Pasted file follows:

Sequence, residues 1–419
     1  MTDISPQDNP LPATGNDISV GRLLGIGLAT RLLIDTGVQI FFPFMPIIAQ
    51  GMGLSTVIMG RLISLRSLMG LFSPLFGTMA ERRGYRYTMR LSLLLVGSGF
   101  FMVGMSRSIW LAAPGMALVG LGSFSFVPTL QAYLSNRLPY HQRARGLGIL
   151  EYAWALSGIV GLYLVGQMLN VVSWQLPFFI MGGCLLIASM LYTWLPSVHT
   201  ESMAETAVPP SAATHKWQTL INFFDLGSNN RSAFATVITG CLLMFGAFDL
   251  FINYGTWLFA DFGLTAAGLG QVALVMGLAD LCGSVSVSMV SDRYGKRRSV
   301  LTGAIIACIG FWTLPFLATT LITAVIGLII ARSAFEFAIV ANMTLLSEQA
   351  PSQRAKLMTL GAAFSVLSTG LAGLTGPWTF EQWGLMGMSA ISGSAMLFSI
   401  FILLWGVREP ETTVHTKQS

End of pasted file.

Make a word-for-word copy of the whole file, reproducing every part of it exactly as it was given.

Sequence, residues 1–419
     1  MTDISPQDNP LPATGNDISV GRLLGIGLAT RLLIDTGVQI FFPFMPIIAQ
    51  GMGLSTVIMG RLISLRSLMG LFSPLFGTMA ERRGYRYTMR LSLLLVGSGF
   101  FMVGMSRSIW LAAPGMALVG LGSFSFVPTL QAYLSNRLPY HQRARGLGIL
   151  EYAWALSGIV GLYLVGQMLN VVSWQLPFFI MGGCLLIASM LYTWLPSVHT
   201  ESMAETAVPP SAATHKWQTL INFFDLGSNN RSAFATVITG CLLMFGAFDL
   251  FINYGTWLFA DFGLTAAGLG QVALVMGLAD LCGSVSVSMV SDRYGKRRSV
   301  LTGAIIACIG FWTLPFLATT LITAVIGLII ARSAFEFAIV ANMTLLSEQA
   351  PSQRAKLMTL GAAFSVLSTG LAGLTGPWTF EQWGLMGMSA ISGSAMLFSI
   401  FILLWGVREP ETTVHTKQS